Wednesday, August 7, 2013

The Snow Child by Eowyn Ivey

Not the usual setting for a book of magic realism, but it works. Based on a Russian fairy tale, The Snow Child, begs the question of what is reality. Jack and Mabel have left their eastern home for the wilderness of Alaska after the stillbirth of their child. They need to start a new life and decide that it will be as different as they can make it. Needing to depend on one another is critical and with those thoughts in mind they opt for a homestead in the Alaskan territory. 

Life is as harsh as the winters and survival is dependent on strong minds, bodies, and good neighbors. One night after a cathartic snowball fight, Jack builds a snowman who is actually a snow girl. The creation is dressed and the two are proud of their craft. The next morning, however, the snow girl has melted and is gone. But is she? From the cabin window, Mabel has a fleeting glimpse of a child outside with the same attributes as the snow girl. Jack also sees her in the woods. How can this happen? As the story progresses the girl does come to life and is known to them as Faina. Mabel makes her clothes, they feed her, and create a life for her. Never sure when she will appear at their door, they long for her company as she seems to create for them the family that they have longed for.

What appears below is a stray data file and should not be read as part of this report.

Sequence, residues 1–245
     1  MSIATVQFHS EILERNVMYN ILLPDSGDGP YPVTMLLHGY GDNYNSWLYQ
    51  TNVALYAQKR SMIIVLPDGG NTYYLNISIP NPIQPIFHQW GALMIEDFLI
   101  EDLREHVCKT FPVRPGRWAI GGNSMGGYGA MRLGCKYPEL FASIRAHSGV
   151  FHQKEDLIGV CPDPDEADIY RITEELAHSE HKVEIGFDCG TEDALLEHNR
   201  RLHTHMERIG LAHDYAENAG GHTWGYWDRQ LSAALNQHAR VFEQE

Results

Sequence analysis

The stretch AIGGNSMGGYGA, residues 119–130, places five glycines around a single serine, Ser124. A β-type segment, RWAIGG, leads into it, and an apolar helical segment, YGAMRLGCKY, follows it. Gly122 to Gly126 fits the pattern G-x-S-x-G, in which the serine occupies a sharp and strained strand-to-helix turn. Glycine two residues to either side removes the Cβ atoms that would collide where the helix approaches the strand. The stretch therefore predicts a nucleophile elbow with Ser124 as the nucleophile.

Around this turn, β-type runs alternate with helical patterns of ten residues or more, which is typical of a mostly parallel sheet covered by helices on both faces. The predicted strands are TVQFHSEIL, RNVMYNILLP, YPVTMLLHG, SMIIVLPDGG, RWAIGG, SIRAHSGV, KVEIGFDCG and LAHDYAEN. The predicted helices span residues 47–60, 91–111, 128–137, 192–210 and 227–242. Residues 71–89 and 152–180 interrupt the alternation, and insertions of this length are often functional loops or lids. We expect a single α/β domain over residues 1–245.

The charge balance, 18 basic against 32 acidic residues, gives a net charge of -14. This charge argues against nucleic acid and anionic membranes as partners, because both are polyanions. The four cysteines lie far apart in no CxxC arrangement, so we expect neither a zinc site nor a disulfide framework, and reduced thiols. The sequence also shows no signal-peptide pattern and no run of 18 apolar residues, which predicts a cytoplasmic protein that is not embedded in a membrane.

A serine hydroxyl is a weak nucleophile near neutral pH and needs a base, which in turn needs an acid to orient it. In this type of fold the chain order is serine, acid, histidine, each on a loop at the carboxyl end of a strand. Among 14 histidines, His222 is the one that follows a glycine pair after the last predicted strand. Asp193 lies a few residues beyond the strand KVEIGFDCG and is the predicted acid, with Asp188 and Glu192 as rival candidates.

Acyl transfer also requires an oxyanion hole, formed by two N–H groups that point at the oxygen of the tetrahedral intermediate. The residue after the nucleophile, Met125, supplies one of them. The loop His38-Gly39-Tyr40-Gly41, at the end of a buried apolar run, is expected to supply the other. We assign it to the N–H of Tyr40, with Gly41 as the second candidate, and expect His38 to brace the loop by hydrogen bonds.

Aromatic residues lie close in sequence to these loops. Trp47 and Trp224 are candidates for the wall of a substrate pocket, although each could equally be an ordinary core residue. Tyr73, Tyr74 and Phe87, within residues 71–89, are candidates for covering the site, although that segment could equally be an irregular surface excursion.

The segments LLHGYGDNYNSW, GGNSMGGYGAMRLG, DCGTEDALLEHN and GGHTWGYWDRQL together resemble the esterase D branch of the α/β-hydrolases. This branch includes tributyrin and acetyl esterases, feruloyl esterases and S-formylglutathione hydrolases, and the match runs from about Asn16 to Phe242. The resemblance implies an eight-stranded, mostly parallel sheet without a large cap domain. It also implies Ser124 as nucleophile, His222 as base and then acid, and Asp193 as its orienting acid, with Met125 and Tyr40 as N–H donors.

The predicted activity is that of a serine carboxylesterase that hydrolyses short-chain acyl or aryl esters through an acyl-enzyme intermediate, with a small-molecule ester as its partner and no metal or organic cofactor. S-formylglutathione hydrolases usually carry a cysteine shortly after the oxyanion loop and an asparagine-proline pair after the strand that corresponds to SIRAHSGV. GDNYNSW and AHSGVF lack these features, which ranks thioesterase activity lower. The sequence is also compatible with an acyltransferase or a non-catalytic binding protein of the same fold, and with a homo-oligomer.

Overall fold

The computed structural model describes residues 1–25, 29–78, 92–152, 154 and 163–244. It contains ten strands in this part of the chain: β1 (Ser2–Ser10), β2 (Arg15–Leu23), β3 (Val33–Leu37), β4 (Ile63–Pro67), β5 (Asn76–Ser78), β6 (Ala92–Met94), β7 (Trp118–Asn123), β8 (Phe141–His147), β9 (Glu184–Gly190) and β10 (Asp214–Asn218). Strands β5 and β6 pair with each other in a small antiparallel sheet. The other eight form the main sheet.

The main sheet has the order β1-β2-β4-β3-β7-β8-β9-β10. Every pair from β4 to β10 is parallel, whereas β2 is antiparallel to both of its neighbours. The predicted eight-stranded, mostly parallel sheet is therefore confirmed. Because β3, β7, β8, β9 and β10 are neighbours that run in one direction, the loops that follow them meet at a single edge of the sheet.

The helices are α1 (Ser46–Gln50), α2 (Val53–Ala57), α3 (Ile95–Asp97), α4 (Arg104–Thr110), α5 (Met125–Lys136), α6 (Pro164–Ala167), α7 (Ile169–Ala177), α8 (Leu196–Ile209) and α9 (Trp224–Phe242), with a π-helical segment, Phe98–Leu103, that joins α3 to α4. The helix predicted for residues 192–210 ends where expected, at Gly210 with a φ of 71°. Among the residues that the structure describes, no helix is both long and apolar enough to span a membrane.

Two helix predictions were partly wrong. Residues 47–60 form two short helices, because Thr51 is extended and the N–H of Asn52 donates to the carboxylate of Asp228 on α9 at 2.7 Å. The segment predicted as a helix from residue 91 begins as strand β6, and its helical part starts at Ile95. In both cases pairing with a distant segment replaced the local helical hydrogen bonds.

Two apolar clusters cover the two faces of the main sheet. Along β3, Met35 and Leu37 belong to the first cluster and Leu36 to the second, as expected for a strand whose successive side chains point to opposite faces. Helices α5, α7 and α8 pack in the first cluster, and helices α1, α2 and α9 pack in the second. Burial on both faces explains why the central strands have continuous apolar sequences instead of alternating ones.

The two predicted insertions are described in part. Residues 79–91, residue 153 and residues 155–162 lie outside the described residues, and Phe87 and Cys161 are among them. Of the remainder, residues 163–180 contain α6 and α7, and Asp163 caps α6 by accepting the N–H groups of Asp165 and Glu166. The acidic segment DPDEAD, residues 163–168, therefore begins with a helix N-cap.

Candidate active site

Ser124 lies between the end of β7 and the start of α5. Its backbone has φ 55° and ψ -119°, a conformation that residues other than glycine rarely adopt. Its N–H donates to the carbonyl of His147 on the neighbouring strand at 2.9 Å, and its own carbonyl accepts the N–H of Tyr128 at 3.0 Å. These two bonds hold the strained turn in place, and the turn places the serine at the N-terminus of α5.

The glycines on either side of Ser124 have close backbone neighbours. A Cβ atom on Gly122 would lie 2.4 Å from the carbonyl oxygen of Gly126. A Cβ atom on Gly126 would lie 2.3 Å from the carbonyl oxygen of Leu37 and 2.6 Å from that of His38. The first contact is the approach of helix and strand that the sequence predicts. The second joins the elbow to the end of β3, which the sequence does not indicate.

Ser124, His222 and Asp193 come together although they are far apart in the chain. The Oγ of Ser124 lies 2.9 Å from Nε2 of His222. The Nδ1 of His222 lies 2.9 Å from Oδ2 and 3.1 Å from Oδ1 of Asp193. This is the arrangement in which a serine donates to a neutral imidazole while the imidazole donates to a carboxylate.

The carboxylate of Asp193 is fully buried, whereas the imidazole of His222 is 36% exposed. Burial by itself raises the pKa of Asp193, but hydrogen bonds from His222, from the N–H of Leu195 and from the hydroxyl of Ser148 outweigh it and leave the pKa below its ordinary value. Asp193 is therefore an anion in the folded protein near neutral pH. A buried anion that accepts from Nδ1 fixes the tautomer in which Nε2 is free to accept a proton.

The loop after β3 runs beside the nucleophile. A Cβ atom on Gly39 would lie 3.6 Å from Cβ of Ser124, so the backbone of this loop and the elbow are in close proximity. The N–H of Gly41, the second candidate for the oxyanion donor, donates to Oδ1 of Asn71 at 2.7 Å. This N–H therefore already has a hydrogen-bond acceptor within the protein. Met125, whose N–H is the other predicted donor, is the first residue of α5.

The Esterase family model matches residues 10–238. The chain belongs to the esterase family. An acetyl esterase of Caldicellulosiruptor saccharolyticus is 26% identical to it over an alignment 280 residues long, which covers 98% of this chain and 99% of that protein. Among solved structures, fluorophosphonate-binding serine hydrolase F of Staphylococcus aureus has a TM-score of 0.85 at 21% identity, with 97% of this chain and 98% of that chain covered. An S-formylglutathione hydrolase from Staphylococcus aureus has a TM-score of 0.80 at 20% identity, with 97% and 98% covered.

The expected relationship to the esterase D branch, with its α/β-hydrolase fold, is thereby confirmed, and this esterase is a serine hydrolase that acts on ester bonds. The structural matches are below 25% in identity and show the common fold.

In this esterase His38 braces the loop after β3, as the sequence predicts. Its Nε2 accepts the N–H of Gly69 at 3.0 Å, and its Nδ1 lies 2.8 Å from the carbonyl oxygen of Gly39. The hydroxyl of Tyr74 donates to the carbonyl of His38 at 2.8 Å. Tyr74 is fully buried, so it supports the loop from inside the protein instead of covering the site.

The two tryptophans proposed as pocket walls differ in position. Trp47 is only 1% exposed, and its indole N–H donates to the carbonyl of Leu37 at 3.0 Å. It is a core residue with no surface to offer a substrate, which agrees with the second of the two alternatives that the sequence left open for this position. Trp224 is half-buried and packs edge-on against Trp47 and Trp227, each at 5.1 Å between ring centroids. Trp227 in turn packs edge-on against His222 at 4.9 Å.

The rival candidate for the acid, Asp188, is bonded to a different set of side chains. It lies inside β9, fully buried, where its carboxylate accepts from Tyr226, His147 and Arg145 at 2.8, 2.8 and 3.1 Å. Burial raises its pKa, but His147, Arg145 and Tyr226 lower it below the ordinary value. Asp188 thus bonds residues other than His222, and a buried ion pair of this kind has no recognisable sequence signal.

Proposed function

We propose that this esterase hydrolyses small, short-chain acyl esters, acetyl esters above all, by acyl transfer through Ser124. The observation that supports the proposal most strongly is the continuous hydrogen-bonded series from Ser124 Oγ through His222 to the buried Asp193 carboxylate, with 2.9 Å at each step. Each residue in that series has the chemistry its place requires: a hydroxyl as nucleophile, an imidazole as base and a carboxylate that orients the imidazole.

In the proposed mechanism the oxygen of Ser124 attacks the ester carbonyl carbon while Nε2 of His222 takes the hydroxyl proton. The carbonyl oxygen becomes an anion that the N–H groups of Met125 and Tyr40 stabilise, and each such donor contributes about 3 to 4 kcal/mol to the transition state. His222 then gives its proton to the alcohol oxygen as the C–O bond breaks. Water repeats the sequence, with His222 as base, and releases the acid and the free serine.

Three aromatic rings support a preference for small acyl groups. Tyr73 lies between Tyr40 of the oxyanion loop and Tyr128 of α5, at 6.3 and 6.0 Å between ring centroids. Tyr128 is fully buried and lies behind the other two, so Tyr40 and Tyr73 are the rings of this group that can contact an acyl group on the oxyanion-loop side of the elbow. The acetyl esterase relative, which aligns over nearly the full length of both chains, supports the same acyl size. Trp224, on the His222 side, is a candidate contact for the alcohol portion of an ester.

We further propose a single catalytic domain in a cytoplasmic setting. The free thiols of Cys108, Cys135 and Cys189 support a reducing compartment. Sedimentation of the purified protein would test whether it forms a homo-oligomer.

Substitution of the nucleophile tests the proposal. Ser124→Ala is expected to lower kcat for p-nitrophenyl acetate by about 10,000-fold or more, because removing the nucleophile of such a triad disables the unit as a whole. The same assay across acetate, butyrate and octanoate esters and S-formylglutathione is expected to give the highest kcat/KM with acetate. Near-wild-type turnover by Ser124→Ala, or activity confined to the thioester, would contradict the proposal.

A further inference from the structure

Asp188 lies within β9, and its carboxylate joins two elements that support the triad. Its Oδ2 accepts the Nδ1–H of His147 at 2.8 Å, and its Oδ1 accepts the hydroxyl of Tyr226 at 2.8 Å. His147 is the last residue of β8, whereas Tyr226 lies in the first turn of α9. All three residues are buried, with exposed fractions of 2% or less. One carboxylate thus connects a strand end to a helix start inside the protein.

Adding to the stirring and emotional story is a bit of comic relief provided by their good neighbors, Esther and George Benson and their son Garrett. With the Benson's help, Jack and Mabel plant the land, and learn survival techniques. Esther is a take-charge woman and helps Mabel see what are the important issues in life. As the snow child intertwines herself in the novel and in the lives of the Alaskans, the reader grasps to identify what is really real  Her transforming powers effect all in most mysterious ways.

Ivey's debut novel is beautifully written. The descriptions of Alaska are alluring and enchanting. They are written by an author who is obviously in awe of the splendor of her home stae. In the end it is really up to the reader to decide how real the child is and if the changes that she seemingly brought about would have happened in any event.

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